Hollywood’s golden era may be long past but that hasn’t stopped countless attempts to replicate it. Peter Bogdanovich, himself a key figure in a Hollywood revival movement, is the latest to try with She’s Funny That Way, a star-studded comedy made from the leftover memories of Ernst Lubitsch, Cary Grant and Katharine Hepburn. With plenty of laughs to go around, its failure to match the screwball heyday is at least softened by the amount of fun on offer.
The opening titles make clear that fiction, at least if it’s entertaining, is always preferable to fact. Bogdanovich and co-writer Louise Stratten certainly do their best to live by that credo. Take a moment to ready yourself for the plot because it gets convoluted very quickly. A Brooklyn escort (Imogen Poots) is hired by a theatre director (Owen Wilson) who unwittingly sets her up to audition for his play. The star actor (Rhys Ifans), who is in love with the director’s wife (Kathryn Hahn), witnesses this liaison, the playwright (Will Forte) falls for the escort leaving his girlfriend (Jennifer Aniston) who happens to be the therapist of the escort and an elderly judge (Austin Pendleton) who’s obsessed with her and has hired a PI (George Morfogen), who also happens to be the playwright’s father, to keep track of her. Get all that?
In an effort to bring some semblance of order, it’s framed through an interview with Poots’ now famous actress as she recounts the story of her first break. Knowing nods are made to the unlikely veracity of the tale. The cynical journalist opens by dismissing the false story surrounding Lana Turner’s discovery, and subsequent events in the film are treated to the same scepticism only to be swiftly brushed aside if the truth ruins the fun.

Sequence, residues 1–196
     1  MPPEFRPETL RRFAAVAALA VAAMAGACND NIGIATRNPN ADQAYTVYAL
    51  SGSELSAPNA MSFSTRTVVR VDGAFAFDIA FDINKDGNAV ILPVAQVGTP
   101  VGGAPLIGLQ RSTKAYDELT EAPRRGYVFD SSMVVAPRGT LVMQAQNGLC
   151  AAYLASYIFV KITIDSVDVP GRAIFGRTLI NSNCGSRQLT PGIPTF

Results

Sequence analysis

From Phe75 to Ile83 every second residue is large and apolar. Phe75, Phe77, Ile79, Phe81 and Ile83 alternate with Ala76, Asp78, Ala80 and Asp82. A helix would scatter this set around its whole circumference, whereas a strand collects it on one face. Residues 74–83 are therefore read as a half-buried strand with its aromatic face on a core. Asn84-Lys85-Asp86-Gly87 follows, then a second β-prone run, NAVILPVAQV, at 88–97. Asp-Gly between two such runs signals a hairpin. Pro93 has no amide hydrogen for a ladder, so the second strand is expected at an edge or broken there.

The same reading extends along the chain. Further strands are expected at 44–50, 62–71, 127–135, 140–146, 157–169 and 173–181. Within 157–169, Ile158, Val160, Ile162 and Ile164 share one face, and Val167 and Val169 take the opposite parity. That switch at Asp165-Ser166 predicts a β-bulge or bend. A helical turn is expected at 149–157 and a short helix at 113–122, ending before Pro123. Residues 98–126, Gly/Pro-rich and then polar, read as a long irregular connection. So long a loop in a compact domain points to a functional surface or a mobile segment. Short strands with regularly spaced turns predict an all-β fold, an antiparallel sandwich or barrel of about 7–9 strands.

With such an intertwined plot, there’s ample opportunity for set-piece farce. An evening meal that sees several couples inadvertently converging on the same restaurant, and the classic illicit person hidden in the bathroom are employed to good comic effect while the dialogue remains smart throughout. With this many characters in play though, it’s a bit like trying to keep an ever increasing number of plates spinning. It’s impressive for a while but eventually they start to crash down.
The ensemble cast causes wider problems. Running to a brisk 93 minutes, there simply isn’t enough airtime for all. This opens up space for the wacky supporting characters at the expense of the leads. Ifans’ seedy actor and Aniston’s hilariously indiscreet therapist do sterling work but the real comic gold comes from Pendleton and Morfogen. By contrast, Poots and Wilson are left to trek between disasters, standing in the middle as the maelstrom rages all around.
She’s Funny That Way is a brave but ultimately futile attempt to hark back to a time that no longer exists, right down to the honeyed glow that lights every scene. Still, it may not be funny in that way, but it is still funny. That’ll do.
Director: Peter Bogdanovich
Writers: Peter Bogdanovich (screenplay), Louise Stratten (screenplay)
Stars: Imogen Poots, Jennifer Aniston, Owen Wilson